Andre De Grasse (Canada) – Perhaps the most likely to emerge from Usain Bolt's long shadow, De Grasse set personal bests in both the 100m and 200m at the Rio 2016 Olympics, emerging with silver and bronze medals in a highly competitive field.
Shaunae Miller (Bahamas) – In one of the most striking moments of the 2016 Olympics, Miller dived across the line to win 400m gold, edging out Allyson Felix of the US.
Kirani James (Grenada) – The London 2012 Olympic champion is his country's first and only Olympic medalist in any sport. Such is the prodigious 400m runner's stardom in his birthplace, the national football and athletics stadium has been renamed in his honor.
Caster Semenya (South Africa) – A two-time Olympic 800m champion, Semenya has recently begun running in the 1,500m and she could compete on two fronts in April.
Omar Mcleod (Jamaica) – Still just 23 years old, McLeod is the reigning world and Olympic champion in the 110 meter hurdles.
David Rudisha (Kenya) – The two-time Olympic 800m champion is the only person in history to complete two laps of the track in under 1m 41s. Six of the eight fastest 800m times in history have all been recorded by the Kenyan superstar.
Vivian Cheruiyot (Kenya) – The 34-year-old Cheruiyot has won Olympic medals of every color and holds the all-time commonwealth 5,000m record having run the distance in 14:20.89. She also competes in the 10,000m.
Eliud Kipchoge (Kenya) – The Rio 2016 champion ran a marathon in 2:00:25 as part of the Breaking2 project in May 2017, shaving over two minutes off the previous fastest time.
Valerie Adams (New Zealand) – Capable of throwing a shot over 21 meters, Adams is the first woman in history to win four consecutive individual world titles in a track and field event. The two-time Olympic champion has only been beaten twice in major world events since 2006.
Keshorn Walcott (Trinidad and Tobago) – He may only have taken up the javelin aged 15 but "Keshie" Walcott had won Olympic gold in London before his 20th birthday. He followed up with bronze in Rio.
Eliza McCartney (New Zealand) – The Kiwi won pole vault bronze at Rio 2016 in her first ever Olympics and, having only recently celebrated her 21st birthday, still has her best years ahead of her.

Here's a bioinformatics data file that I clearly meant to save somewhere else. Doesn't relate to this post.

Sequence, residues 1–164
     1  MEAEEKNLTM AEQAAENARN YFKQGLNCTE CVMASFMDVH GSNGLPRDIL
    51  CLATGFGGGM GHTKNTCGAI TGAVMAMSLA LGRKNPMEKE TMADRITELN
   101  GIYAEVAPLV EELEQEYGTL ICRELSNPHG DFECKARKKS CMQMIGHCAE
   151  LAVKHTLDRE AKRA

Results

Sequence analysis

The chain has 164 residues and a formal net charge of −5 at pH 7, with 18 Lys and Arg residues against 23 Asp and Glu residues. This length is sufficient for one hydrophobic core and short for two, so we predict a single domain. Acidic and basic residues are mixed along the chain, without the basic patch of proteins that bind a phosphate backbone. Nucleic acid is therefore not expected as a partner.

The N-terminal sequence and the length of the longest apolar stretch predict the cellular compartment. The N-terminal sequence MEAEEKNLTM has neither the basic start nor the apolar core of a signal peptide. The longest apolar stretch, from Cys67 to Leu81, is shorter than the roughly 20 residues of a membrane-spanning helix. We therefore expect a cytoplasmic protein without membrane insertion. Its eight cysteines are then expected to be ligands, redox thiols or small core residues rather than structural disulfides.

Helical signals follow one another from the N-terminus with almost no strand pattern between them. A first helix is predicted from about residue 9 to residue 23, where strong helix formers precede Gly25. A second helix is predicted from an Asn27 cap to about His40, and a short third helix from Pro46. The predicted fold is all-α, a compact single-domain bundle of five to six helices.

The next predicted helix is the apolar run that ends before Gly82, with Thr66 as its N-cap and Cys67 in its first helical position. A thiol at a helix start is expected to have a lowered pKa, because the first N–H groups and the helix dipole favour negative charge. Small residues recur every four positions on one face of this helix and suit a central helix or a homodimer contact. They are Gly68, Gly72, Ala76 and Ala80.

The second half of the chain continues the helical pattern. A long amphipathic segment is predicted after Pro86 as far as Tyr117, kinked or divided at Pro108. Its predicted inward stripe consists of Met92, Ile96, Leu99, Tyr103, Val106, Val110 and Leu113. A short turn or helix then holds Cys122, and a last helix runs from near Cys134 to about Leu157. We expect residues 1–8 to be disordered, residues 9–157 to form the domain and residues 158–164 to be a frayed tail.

Greg Rutherford (England) – A long jump gold medalist on home soil at London 2012, Rutherford followed it up with a bronze in Rio four years later. His personal best is 8.51m (27ft 11in).
Ese Brume (Nigeria) – A Commonwealth Games gold medalist in Glasgow at the age of 18, the long jumper will hope to repeat the feat for Nigeria on the Gold Coast.
Nicol David (Malaysia) – Widely considered one of the the greatest female squash players of all time, David was world No. 1 for a staggering 108 consecutive months, only losing her throne in September 2015. She will be looking for a third consecutive Commonwealth gold in April?
Lee Chog Wei (Malaysia) – The most successful Malaysian Olympian in history, Lee was the world No. 1 badminton player for 199 consecutive weeks. The 35-year-old has taken home silver at the past three Olympic Games.
Nicola Adams (England) – Safely inscribed in the history books as the first women's Olympic boxing champion, Adams retained her title at Rio 2016 and continues to dominate the flyweight division.
Jason and Laura Kenny (England) – No British athlete in history can boast more Olympic gold medals than Kenny — although Chris Hoy can match his tally of six. Wife Laura (R), owner of four Olympic golds herself, gave birth to a son in September 2017. Prior to the birth of Albert, she was already plotting her return to competitive cycling and qualification for the Games.
Max Whitlock (England) – His nation's most successful gymnast, Whitlock has five Olympic medals to his name, including gold in the men's floor exercises and pommel horse at Rio 2016.
Catherine Skinner (Australia) – Skinner became the first Australian to win Olympic gold in a shooting event for 12 years when she triumphed at Rio 2016 in the trap.
Jerry Tuwai (Fiji) – Growing up in a shanty with no electricity, Tuwai used plastic bottles for rugby balls and a roundabout for a pitch. Now, as an Olympic gold medalist and captain of his country, the 28-year-old will be determined to add a Commonwealth crown.
Charlotte Caslick (Australia) – Having never even played the sport until her late teens, Caslick was named World Rugby Sevens women's Player of the Year in 2016. Still just 22, the all-rounder is already an Olympic gold medalist.
Kyle Chalmers (Australia) – The teenage freestyle swimmer beat an experienced field to take gold in the Rio 2016 100m final. He was the first Australian to win the particular event since 1968.
Penny Oleksiak (Canada) – When Oleksiak (R) won the women's 100m freestyle final at Rio 2016, many of the headlines focused on the woman she tied with for gold. Simone Manuel of the US (L) was the first African-American Olympic swimming champion in history, but it should not be forgotten Oleksiak will still be just 17 years old when she competes on the Gold Coast.
Jazz Carlin (Wales) – The first Welsh woman to win a Commonwealth swimming gold since 1974, Carlin has a great chance to retain her title in April, having won silver medals in both the 400m and 800m freestyle at Rio 2016.
Alistair & Jonathan Brownlee (England) – Alistair Brownlee (L) may be the only triathlete to win two Olympic titles, but his younger brother Jonny (R) isn't half bad either, having taken silver at Rio 2016 and the last Commonwealth Games in Glasgow.
Alex Marshall & Paul Foster (Scotland) – With 11 world singles titles and seven Commonwealth Games golds between them, Foster and Marshall are the undisputed kings of lawn bowls.
Maryam Usman (Nigeria) – The reigning commonwealth champion in the women's +75kg category will hope to improve on her disappointing showing at the past Olympics, when she blamed a lack of preparation.